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Yavoriv (Ukrainian: Яворів, Polish: Jaworów, Yiddish: יאַוואָראָווYavorov) is a city located in Lviv Oblast (region) of western Ukraine near the Polish border. It is the administrative center of Yavoriv Raion and rests approximately 50 kilometres (31 miles) west of the oblast capital, Lviv. Its population is approximately 13,057 (2017 est.)[1].


Yavoriv city hall
Yavoriv city hall
Coat of arms of Yavoriv
Coat of arms
Yavoriv is located in Lviv Oblast
Yavoriv is located in Ukraine
Coordinates: 49°56′49″N 23°23′35″E / 49.94694°N 23.39306°E / 49.94694; 23.39306
Country Ukraine
Oblast Lviv Oblast
Raionsize Yavorivskyi Raion
Founded14th century
Magdeburg law1569
 • Total23.35 km2 (9.02 sq mi)
296 m (971 ft)
 • Total12,905
 • Density569.050/km2 (1,473.83/sq mi)
Time zoneUTC+2 (EET)
 • Summer (DST)UTC+3 (EEST)
Postal code
Area code(s)+380-3259

Not far from it is the watering-place of Shklo with sulfur springs.[2]


The town was first mentioned in written documents in 1376, when it belonged to the Duke of Opava and Racibórz, Wacław. It received Magdeburg rights in 1569, from King Sigismund II Augustus. It was a favorite residence of king John III Sobieski, who there received the congratulations from the Pope on his success against the Turks at Vienna (1683).[2]

Until the Partitions of Poland, Jaworów was an important center of commerce, located along main merchant route from Jarosław to Lwów. In 1772 it was annexed by the Habsburg Empire, as part of Austrian Galicia, where it remained until late 1918. In Galicia, it was the seat of a county, with the population of almost 11,000 (Poles, Jews, Ukrainians and Czechs).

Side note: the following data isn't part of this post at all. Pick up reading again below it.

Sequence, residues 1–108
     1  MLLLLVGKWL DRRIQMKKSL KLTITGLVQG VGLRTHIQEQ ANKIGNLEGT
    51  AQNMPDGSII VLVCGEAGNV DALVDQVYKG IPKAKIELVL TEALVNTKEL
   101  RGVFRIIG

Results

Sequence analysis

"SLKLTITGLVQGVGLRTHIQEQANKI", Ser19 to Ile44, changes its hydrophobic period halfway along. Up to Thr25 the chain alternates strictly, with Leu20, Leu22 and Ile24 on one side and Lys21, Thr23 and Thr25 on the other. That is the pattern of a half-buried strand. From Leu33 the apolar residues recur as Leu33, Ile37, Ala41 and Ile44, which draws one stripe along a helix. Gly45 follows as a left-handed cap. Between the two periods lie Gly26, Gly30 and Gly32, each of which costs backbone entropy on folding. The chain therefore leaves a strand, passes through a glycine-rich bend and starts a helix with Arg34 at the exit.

The Jews of the village were merchants or artisans. There was a synagogue. The Germans arrived in June 26, 1941. A Jewish ghetto was established in fall 1942. Before the creation of the ghetto, 1,200 Jews were deported to Belzec. In April 16, 1943, the Jews of the ghetto were taken to the forest. 4,400 Jews were shot in four graves.[3]

In the immediate post-World War I period, the area of Jaworów witnessed Polish – Ukrainian fighting (see Polish-Ukrainian War). After the war, the town became part of the Second Polish Republic, where it remained until the Invasion of Poland in September 1939.

Among notable people born here are Władysław Langner (General of the Polish Army), Stanisław Nowakowski (president of the Polish Scouting and Guiding Association), and mathematician Wawrzyniec Żmurko.


International relationsEdit

Twin towns — Sister citiesEdit

Yavoriv is twinned with:

City Country Year
Jarosław   Poland 2006
Węgorzewo   Poland
Lubaczów   Poland
Trakai   Lithuania
Yavoriv city centre.

See alsoEdit


  1. ^ "Чисельність наявного населення України (Actual population of Ukraine)" (in Ukrainian). State Statistics Service of Ukraine. Retrieved 26 August 2017.
  2. ^ a b   One or more of the preceding sentences incorporates text from a publication now in the public domainChisholm, Hugh, ed. (1911). "Jaworów". Encyclopædia Britannica. 15 (11th ed.). Cambridge University Press. p. 294.
  3. ^

Coordinates: 49°56′49″N 23°23′35″E / 49.94694°N 23.39306°E / 49.94694; 23.39306